July 14, 2009

Trafficking in tribal membership

Members only

‘Trafficking Tribal Membership’ hot topic at annual symposium

By S.E. Ruckman
Tonia Williams, a member of the Cherokee Nation in Tahlequah, Okla., said her tribe is against those who pass as Cherokees, such as the Northern Cherokee of Missouri and Arkansas and the Southern Cherokee of Kentucky, who are not federally recognized.

“This fight is all over the place. We’ve had people building an entire career based on being Indian and they’re not Indian.”

Williams said posing as an American Indian happens in academia, arts and politics. The tribe sees several solutions to those who pass themselves off as Indian. Of the scores of Cherokee-based groups, three, the Eastern Band of Cherokees in North Carolina and two Oklahoma groups, the United Keetoowah Band and the Cherokee Nation are the only legitimately recognized Cherokee tribes.

The Cherokees support federal legislation that would make it a felony to knowingly and for gain pass as Native American. The tribe also favors cutting off federal funds to any non-recognized groups as well as stricter scrutiny of “wanna-bes,” Williams said.

But Chief Ken Adams of the Virginia-based Mattaponi was outraged by Williams’ points. He said generalizing those who don’t have federal recognition as phony hurts the identity of innocent groups, including his. The 600-member Mattaponi recently received state recognition and are currently vying for federal recognition.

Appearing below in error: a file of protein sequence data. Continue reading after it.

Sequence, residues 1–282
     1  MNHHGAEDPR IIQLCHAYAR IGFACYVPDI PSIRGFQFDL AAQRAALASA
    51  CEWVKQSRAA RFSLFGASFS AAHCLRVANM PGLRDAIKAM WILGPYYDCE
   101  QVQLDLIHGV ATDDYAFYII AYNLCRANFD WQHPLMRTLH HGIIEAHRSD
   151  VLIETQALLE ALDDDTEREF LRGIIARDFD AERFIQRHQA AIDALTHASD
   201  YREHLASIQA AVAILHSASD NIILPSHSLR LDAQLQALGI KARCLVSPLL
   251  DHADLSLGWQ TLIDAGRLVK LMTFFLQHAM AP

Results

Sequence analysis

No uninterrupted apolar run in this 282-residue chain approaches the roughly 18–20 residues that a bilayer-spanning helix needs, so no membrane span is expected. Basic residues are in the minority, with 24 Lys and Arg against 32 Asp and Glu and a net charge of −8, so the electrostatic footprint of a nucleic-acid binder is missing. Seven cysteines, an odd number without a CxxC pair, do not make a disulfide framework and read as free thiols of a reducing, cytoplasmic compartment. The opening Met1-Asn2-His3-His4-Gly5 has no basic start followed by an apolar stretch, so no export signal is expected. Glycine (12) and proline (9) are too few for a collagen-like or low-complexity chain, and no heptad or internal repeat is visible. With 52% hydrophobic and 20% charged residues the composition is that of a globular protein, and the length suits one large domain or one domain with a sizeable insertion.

“I think we’re legitimate. Painting everyone with a broad brush is inaccurate. It’s like saying every Indian lives on a reservation.”
Comment:  Unfortunately, there's no clear dividing line on this issue. Rather, there's a continuum from full-fledged tribes to unrecognized tribes with legitimate claims to wannabe tribes to pure hobbyists such as those in Germany, Turkey, and Russia. As you move along the spectrum, the people have less Indian blood and fewer ties to genuine Indian communities. At some point the Indians become "Indians" and then non-Indians.

For more on the subject, see More Than 200 "Cherokee Tribes" and Too Many Indians, or Not Enough?

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